For example, a 1963 silver dime that was irradiated at Oak Ridge.
And why, you ask, would anyone irradiate a dime? Is it still radioactive?
According to Oak Ridge Associated Universities, the dimes were a public relations stunt designed to show visitors how neutron activation created valuable radioisotopes that are used in medicine.
Silver was chosen because, in those days, people had silver coins in their pockets, and neutron-irradiated silve-109 changed to radioactive silver-110.
Silver-110 has the convenient property of a short half-life — 22 seconds.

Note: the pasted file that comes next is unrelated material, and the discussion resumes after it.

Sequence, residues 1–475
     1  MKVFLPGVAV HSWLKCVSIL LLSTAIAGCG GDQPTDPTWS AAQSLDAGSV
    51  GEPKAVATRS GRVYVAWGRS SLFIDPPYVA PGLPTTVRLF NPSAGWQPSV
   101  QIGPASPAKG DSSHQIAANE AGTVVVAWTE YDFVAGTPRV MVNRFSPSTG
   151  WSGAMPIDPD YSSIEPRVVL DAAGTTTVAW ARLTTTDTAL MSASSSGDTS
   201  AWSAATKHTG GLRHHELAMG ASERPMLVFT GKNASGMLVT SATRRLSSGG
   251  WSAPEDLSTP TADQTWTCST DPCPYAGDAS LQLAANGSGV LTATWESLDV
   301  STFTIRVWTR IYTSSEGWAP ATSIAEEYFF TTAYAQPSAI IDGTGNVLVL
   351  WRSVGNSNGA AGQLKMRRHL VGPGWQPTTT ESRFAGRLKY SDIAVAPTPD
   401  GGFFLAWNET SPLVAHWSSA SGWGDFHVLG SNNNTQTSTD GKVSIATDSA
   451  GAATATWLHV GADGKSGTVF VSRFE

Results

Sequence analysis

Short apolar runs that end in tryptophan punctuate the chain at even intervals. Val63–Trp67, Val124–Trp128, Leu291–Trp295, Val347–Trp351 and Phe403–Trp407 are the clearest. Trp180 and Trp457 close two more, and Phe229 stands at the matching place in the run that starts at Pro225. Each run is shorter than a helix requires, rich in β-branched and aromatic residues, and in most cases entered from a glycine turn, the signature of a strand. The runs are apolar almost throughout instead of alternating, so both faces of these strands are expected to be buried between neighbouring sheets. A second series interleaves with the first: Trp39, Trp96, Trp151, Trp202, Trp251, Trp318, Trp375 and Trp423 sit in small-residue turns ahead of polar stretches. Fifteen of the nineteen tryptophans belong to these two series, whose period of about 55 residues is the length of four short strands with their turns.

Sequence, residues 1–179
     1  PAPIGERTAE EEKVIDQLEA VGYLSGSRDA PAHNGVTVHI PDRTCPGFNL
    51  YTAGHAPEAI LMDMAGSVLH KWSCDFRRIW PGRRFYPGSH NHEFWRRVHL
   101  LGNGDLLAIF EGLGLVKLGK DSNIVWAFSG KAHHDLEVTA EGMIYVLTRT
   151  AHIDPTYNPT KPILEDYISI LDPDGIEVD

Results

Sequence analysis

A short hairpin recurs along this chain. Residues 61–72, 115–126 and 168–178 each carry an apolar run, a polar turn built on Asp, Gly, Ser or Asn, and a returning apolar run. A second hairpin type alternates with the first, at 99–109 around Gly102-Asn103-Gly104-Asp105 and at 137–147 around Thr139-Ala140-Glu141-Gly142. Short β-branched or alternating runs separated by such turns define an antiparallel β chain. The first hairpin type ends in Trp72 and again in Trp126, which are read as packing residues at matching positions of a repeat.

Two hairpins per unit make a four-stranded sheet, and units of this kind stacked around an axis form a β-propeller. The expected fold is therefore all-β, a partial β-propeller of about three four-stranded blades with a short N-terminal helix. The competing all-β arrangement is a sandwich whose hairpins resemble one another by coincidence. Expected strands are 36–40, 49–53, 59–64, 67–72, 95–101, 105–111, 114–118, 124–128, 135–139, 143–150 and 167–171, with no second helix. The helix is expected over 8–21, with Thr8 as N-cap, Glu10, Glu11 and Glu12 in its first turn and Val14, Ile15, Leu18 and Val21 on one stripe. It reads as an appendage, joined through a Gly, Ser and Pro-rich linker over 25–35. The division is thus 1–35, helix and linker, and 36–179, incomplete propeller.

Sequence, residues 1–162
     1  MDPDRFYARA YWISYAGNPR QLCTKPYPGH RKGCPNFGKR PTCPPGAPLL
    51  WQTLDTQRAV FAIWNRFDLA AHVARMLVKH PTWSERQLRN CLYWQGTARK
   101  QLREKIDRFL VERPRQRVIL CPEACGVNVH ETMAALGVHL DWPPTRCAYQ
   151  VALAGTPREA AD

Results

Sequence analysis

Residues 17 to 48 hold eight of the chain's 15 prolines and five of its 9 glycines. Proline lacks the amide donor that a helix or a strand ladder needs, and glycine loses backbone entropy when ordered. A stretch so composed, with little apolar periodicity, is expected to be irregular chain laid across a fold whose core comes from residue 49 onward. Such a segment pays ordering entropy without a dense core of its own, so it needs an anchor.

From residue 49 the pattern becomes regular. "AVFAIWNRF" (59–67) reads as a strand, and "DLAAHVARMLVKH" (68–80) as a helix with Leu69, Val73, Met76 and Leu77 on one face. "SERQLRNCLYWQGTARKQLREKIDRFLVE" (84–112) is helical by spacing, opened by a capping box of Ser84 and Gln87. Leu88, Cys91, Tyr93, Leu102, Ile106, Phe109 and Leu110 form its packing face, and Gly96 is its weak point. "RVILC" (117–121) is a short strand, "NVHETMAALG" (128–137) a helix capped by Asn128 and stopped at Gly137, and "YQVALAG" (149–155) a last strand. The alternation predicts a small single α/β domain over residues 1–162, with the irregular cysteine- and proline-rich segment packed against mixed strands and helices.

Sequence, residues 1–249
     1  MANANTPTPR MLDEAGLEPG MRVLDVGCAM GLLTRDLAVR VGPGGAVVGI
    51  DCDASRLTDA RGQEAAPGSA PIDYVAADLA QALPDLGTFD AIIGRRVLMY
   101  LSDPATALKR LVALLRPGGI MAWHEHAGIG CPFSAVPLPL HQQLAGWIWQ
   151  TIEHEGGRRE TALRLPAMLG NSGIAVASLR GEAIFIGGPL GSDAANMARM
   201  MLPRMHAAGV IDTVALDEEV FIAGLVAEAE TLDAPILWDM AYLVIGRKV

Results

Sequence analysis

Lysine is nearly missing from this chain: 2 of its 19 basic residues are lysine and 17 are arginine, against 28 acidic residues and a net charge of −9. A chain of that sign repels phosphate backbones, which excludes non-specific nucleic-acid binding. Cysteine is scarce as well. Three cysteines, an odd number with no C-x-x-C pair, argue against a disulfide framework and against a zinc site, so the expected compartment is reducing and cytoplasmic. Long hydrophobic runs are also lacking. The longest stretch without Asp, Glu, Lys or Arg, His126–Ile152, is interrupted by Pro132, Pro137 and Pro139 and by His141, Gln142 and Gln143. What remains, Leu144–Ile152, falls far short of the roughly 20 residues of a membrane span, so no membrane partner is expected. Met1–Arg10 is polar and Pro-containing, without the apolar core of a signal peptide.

Visitors had their dimes put under a Geiger counter to show that they had, indeed, become radioactive. But by the time the tour was over, the radioactivity had declined to almost undetectable levels.
Amazingly, the silver-110 had also transmuted into another element, cadmium-110.
The lab encased the radiodimes in plastic. They are not particularly rare; about 250,000 were irradiated.
These coins are purely collectors’ items. They are no longer radioactive and have no practical use.
Our dime is priced at $9.99. Since it is 90% silver, its metal content is, at today’s price, worth around $5. The other $5 or so is curiosity value.